In all, the group scored 20 kills – including victories for Don Bochkay, Joe Broadhead and Morris Stanley and a half-kill for Arval Roberson – without a single loss, its first of what would be many big days.

66 Years ago: The 357th Fighter Group and the Big Day (part 2)

After reaching the fight, Green Flight of the 362nd Fighter Squadron moved in and Lt. John Kirla scythed through the enemy fighters. “I picked out an Fw 190 which was attacking the bombers and closed in to about 100 yards before I opened fire,” he said. “I clobbered him all over. I believe I killed the pilot. I watched him dive inverted into the ground and explode. My second Fw 190 was in a dogfight. I closed into range on him and started to fire from about 400 yards, closing to about 50 yards, getting strikes all over him. He began to tumble and I watched him go into the ground.”

Kirla’s wingman, Lt. “Jack” Dunn, was no longer with him; concerned about fuel, he had conserved the load in his fuselage tank and, when Kirla turned into his first victim, Dunn snapped violently and tumbled downward. When he reined the Mustang in, he spotted a single Bf 109 creeping up on him from behind; he turned into the fighter and again snapped, this time recovering just above the trees. Before the 109 could take advantage of him a flight of four more P-51s dove in and sent the German fighter crashing to earth.

Meanwhile, Kirla was still busy. “I looked around for another target and saw a Bf 109 shooting down a bomber. I went after him. I got on his tail and closed to about 30 yards. He went into a very tight barrel roll going straight down. I fired a short burst, getting strikes, and he straightened out. Then I really gave him the works, clobbering him all over. He flipped over on his back and started to burn. Pieces fell off the ship until, finally, just the framework remained. I laughed and commented to myself on the crazy contraptions they were sending up these days. There wasn’t enough of this ship left to crash into the ground.

“Looking around again, I observed two Bf 109s flying 180 degrees to the bombers and a P-51 chasing them. The P-51 closed in and got the first Jerry, but meanwhile the second one was sliding onto the Mustang’s tail. The Mustang was shot down. I was at close enough range by this time to get some revenge,” said Kirla. “I began firing at about 200 yards and played with him a while. He was badly scared. I got tired of that and adjusted my K-14 and opened up at about 50 yards. I filled him full of holes. Pieces started to fly off him and he went down like a falling leaf.”

Lt. George A. Behling in P-51D-15 44-15527 “Chi Lassie” was element leader in Kirla’s Dollar Green Flight, and when the 362nd dropped tanks and dove to attack, his wingman, Lt. James Gasser, blacked out because his “G” suit rubber hose connection had come loose. Behling took a bead on an enemy fighter, but another P-51 cut him off, “so close I still don’t know why I didn’t tear its tail off with my propeller,” he wrote later. The distracted Behling lost sight of his quarry, and as he tried to spot the German plane he realized an Fw 190 had slipped onto his tail. With no wingman, Behling went into a hard turn to the left to shake the Fw 190; he could see tracers and cannon rounds sailing past him. He recalled wondering to himself, “what am I doing here? A person could get killed!” Behling continued to reef the turn in when suddenly the stick went limp – he had spun the Mustang. He corrected the spin at 20,000 feet only to discover the German fighter was still on his tail, so he went into a dive and firewalled the engine. Sure enough, Behling quickly out-ran the Fw 190 – but then, just as he passed the Elbe River, his engine sputtered, then began streaming white smoke, then seized completely. Over a thick forest, he thought about bailing out but didn’t have enough altitude. Luckily, an open field parallel to a railroad track was to his immediate left; he lined up the field but then, at the last second, saw it was crossed by a set of high-tension electric lines. Behling’s Mustang hit the frozen ground, bounced up and over the power lines, and came back down, sliding to within 50 feet of some trees before stopping. When he opened the canopy, he heard the sound of an aircraft – it was the Fw 190 coming right at him. Panicked, he tried to leap from his plane, but the straps were tangled in the cockpit, so he crouched behind the armored seat plate. The Fw 190 did not fire and instead zoomed away. Behling managed to get out of the plane and headed for the tree line, but was soon captured and became a POW.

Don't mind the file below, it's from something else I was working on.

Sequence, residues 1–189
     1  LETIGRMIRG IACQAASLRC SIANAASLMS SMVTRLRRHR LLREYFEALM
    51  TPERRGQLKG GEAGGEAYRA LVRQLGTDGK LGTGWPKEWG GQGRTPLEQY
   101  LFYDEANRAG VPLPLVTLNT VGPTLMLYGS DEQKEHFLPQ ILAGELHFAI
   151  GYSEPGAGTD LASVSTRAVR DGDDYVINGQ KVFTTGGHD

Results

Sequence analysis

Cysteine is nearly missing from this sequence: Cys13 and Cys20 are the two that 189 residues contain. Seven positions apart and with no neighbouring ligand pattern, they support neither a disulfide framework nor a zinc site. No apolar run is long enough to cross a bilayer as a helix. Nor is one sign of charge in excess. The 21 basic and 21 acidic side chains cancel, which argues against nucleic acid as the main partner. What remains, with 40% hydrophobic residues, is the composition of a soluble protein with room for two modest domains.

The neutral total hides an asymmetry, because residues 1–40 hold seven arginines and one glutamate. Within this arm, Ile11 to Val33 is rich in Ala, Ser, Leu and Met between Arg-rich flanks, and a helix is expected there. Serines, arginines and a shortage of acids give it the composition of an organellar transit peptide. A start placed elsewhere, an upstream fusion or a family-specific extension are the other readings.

Lt. John Sublett was leading Yellow Flight when, at about 27,000 feet northwest of Berlin, “Someone called in a huge number of Huns coming from the south,” he reported. “I turned with the squadron and started in that direction. I saw them all at once. There was a long line of Bf 109s in no particular formation, except a sort of long column containing six to 10 abreast. They were to the left of me (at) about 300 yards, going 180 degrees opposite (to my course). They totaled at least 100. To my right and above were several Jerries doing snaps, rolls and spins. I called my wingman (Lt. William R. Gruber) and told him that when they finally got through passing by we would tack on to their rear end and start shooting. It seemed an endless procession, but finally they passed by and I tacked on to their tail end. The last four Bf 109s then broke into us. We started a honey of a Lufbery which went about six turns. I finally cut the butter and got a short burst into one of them. I was going straight down when I fired from about 100 yards, seeing many strikes right into the pilot through the top of his canopy. The plane went out of control and crashed into the ground. The pilot, who, I am sure, was dead from my fire, did not bail out.